• Place rubber dam with slit technique and reduce occlusal surface 1 mm with size 6 or 8 carbide round bur with high speed (Figure 5.2).
  • Perform subgingival interproximal reduction with 169 L or 170 L carbide bur with high speed (Figure 5.3).

Figure 5.2 Rubber dam with slit technique for 1-mm occlusal reduction with size 8 carbide round bur with high speed.


Figure 5.3 Subgingival interproximal reduction with 169L carbide bur with high speed.

When prepping the distal of a second primary molar, use caution to avoid disking the mesial of the adjacent first permanent molar. A wooden wedge, placed between the first permanent molar and the second primary molar, will provide protection for the mesial surface of the first permanent molar. Cut just inside distal marginal ridge and the mesial side of the wooden wedge (Figure 5.4). Remove the wedge and check for a white spot lesion on the mesial of the first permanent molar (Figure 5.5). If decalcification is noted, fluoride varnish may be applied as a courtesy.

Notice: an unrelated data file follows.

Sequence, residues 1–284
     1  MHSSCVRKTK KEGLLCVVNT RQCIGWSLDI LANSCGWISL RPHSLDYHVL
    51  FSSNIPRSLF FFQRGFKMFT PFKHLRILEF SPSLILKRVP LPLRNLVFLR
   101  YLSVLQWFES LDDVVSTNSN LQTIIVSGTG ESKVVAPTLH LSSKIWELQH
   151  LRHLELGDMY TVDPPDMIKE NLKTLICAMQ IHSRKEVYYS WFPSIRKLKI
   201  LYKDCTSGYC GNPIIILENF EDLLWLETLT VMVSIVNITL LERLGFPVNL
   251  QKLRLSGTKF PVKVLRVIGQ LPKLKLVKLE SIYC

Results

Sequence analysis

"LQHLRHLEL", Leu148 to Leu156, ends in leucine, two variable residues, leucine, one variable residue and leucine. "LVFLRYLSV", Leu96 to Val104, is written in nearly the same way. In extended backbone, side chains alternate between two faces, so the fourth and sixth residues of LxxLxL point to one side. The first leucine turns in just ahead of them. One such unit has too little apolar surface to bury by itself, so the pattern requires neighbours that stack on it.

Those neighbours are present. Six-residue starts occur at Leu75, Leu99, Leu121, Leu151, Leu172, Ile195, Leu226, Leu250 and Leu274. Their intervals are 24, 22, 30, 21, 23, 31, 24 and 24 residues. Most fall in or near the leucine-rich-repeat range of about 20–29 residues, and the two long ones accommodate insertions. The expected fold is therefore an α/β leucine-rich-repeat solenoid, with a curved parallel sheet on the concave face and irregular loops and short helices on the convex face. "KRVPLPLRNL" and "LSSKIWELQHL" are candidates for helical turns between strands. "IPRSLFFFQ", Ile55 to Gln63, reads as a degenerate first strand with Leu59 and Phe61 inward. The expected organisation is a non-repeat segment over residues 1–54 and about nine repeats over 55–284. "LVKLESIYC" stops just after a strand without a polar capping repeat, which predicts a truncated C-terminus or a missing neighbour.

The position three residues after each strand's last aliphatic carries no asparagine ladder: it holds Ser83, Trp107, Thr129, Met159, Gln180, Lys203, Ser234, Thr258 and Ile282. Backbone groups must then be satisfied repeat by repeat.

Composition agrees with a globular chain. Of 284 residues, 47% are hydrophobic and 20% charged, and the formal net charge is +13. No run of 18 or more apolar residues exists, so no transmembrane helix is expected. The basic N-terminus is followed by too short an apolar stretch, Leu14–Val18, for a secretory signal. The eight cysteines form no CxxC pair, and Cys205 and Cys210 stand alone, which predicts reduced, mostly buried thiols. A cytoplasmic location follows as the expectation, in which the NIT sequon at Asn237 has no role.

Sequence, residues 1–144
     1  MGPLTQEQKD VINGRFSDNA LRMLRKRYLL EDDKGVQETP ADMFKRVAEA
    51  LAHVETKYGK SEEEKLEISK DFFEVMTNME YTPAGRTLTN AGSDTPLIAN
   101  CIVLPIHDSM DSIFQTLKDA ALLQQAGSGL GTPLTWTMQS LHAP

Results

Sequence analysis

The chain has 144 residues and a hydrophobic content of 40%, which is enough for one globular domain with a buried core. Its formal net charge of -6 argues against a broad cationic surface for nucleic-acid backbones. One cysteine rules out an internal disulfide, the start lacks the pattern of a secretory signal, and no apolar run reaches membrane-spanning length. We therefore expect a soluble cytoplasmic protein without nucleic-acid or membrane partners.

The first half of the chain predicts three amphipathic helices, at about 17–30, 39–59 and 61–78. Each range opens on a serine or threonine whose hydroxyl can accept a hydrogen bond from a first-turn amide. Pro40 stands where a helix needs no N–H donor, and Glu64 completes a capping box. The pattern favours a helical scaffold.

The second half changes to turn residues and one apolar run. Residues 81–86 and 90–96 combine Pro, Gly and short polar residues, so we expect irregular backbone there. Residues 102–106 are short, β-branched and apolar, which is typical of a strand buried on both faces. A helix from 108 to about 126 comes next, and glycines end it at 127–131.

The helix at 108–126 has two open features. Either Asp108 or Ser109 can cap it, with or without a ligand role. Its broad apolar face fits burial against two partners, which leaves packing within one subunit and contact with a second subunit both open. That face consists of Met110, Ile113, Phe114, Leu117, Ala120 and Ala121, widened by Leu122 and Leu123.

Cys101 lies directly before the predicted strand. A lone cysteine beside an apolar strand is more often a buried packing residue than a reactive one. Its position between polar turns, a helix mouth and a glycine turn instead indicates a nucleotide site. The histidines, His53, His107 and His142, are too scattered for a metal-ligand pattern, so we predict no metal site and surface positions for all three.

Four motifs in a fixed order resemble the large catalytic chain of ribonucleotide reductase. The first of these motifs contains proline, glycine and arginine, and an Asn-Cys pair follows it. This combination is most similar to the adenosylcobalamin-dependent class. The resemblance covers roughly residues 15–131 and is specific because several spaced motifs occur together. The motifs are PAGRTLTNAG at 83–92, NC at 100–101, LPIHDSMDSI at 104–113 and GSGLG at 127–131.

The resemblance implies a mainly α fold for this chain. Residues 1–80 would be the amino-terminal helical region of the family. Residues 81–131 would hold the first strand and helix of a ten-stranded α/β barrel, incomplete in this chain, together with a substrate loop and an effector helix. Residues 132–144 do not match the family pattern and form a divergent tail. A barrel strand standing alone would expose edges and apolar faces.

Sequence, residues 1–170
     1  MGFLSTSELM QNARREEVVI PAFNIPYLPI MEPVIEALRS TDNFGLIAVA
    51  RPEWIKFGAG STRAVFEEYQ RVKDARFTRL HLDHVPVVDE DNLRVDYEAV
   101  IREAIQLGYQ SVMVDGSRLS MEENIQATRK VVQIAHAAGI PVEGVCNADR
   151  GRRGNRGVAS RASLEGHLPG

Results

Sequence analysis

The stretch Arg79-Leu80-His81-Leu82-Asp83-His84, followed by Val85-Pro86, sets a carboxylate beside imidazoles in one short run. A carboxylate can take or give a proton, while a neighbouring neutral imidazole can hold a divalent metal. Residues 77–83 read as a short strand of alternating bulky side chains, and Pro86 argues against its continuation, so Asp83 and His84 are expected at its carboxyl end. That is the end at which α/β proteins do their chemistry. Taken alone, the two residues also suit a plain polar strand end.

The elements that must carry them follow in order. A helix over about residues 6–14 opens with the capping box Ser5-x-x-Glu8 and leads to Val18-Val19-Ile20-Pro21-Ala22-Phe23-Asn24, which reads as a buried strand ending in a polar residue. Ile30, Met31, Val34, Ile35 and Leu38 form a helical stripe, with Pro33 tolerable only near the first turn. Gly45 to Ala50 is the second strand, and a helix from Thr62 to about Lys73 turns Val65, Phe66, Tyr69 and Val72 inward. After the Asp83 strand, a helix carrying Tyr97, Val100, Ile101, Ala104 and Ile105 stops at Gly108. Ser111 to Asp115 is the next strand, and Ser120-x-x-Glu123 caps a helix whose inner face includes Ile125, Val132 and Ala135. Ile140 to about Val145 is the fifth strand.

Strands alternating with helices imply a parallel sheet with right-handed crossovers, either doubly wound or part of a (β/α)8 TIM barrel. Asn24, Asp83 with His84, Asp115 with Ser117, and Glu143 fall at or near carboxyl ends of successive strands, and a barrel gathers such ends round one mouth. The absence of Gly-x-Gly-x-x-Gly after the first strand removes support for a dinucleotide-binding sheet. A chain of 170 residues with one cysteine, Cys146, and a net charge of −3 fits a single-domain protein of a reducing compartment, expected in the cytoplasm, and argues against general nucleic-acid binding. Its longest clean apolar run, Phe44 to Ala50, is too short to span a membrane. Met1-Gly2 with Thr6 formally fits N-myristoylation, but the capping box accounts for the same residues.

• If the first permanent molar is unerupted and the rubber dam clamp must be placed on the second primary molar, a spoon curette may be used to retract the rubber dam from the distal of the second primary molar during distal interproximal preparation (Figure 5.6).
  • Check for a ledge on the mesial and distal. Ledges inhibit crown seating (Figure 5.7).
  • Selecting a crown:

    Size 4 is most commonly used.


Figure 5.4 Distal reduction of second primary molar with wooden wedge to protect mesial of first permanent molar.


Figure 5.5 Removing wedge and checking mesial of first permanent molar for white spot lesion.